2 minute read

Finding Strength as Both Doctor and Patient

When I was first diagnosed with pemphigus vulgaris (PV), I didn’t have the slightest clue what those strange words meant or how this disease would impact my life. The physician who finally diagnosed me handed me a description of the disease and referred me to another doctor, an expert in PV management.

In the meantime, I waited nearly three months to see a specialist, armed with only a vague report on the medically and statistically significant features of PV. I felt alone and confused, feelings only amplified by descriptions that didn’t relate to me at all—I wasn’t even half the age of the individuals typically affected! I had so many questions. What if they got the diagnosis wrong? What could I eat to help heal the sores? What could I do besides take a handful of pills every day?

It was during one of my many internet searches that I came across the IPPF. I couldn’t believe that there was an entire organization dedicated to patient information, and I immediately took advantage of connecting with a peer health coach (PHC). My PHC was the first person to actually tell me, “It’s okay to be scared, everything is going to be okay.” I will never forget those words. They were the reassurance I had been missing and desperately needed. From there I began to realize that I wasn’t alone, that I didn’t need to figure everything out on my own. There were other people who had been through similar experiences to help guide me through this journey.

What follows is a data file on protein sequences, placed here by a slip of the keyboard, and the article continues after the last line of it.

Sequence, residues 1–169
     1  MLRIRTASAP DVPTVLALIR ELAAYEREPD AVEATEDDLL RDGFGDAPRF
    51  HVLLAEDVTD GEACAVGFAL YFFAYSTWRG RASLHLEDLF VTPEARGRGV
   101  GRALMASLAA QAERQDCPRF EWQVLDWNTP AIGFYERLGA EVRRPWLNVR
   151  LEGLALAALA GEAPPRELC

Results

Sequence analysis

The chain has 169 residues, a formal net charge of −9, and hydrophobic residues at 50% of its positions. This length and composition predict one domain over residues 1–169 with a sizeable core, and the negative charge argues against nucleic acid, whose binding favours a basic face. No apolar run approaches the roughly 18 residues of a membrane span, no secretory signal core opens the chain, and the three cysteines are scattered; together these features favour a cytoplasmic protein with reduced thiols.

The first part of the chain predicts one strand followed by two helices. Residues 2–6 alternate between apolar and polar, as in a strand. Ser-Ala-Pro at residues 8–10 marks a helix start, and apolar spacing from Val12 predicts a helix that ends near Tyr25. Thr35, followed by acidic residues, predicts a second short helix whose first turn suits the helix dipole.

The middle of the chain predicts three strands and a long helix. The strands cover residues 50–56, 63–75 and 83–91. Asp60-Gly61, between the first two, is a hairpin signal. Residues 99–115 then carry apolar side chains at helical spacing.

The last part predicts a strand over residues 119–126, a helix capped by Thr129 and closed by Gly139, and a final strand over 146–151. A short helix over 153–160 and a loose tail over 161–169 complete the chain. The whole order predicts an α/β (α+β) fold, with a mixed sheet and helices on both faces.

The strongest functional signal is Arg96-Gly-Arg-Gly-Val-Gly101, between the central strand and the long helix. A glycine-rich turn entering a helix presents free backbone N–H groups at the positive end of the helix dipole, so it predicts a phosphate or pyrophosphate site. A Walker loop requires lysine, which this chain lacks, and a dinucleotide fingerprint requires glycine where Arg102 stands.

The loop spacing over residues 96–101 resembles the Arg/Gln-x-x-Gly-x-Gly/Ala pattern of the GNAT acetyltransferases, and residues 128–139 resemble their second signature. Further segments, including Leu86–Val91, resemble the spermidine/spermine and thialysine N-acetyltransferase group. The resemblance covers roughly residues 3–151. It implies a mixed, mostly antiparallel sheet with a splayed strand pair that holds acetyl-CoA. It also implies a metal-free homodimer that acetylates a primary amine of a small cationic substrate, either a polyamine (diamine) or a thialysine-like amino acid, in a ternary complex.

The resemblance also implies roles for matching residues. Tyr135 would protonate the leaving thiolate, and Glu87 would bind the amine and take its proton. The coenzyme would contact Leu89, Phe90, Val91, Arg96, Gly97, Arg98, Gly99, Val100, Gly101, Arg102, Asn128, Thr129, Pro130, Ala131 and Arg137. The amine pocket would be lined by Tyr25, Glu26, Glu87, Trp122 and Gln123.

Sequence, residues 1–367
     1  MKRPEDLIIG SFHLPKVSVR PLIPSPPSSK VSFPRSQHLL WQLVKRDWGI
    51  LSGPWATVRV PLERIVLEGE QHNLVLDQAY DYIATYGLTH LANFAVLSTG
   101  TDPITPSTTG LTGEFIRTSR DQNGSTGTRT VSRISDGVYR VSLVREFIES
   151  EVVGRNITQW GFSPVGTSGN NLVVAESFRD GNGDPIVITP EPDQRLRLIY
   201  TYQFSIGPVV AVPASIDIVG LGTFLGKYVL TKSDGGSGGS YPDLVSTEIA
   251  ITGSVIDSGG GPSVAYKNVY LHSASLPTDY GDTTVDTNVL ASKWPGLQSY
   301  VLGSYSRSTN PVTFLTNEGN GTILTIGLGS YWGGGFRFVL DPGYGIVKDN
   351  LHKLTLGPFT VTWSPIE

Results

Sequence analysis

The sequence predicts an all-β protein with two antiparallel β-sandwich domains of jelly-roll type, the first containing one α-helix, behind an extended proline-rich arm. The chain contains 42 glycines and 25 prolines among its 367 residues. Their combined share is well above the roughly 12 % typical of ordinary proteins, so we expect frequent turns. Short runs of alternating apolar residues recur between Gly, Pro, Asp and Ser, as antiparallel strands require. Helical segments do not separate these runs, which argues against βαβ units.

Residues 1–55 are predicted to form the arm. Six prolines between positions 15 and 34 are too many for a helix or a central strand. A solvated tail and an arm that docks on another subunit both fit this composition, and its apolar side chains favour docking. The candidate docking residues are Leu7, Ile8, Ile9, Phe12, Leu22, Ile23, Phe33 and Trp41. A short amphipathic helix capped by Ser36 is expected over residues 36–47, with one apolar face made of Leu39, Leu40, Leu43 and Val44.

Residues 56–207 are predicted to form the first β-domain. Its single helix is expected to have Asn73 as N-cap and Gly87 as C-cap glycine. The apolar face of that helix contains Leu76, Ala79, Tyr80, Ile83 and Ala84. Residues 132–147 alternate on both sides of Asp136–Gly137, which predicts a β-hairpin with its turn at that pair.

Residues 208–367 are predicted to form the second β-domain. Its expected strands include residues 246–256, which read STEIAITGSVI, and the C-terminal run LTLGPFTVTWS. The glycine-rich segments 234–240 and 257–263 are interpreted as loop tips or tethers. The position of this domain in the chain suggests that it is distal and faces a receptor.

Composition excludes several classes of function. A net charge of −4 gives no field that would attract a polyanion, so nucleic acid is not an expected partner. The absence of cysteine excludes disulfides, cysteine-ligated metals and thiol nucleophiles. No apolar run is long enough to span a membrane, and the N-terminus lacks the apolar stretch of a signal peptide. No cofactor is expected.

As I engaged more within the IPPF community, I realized how important and therapeutic it was to share my personal experiences living with PV. Prior to attending Rare Disease Day with the IPPF, I had never told anyone except my close family that I had an autoimmune disease. I hid it away like a dirty secret because I was afraid of appearing weak or being treated differently. Especially as a student of medicine—we are supposed to treat patients, not be them.

When I finally met the members of the IPPF in person—the individuals whose stories I’d read and advice had given me confidence—I decided that I was done denying that part of myself. I am a doctor and a patient. Having PV has made me the person I am today. Rather than being a weakness, it has given me the strength to be wiser and more empathetic. I will use what I’ve learned to teach others, share what I can in both the patient and the medical communities, continue to raise awareness of PV, and elicit change in how people view medical conditions.

Dr. Kathleena D'Anna is an internal medicine resident at Loma Linda University.
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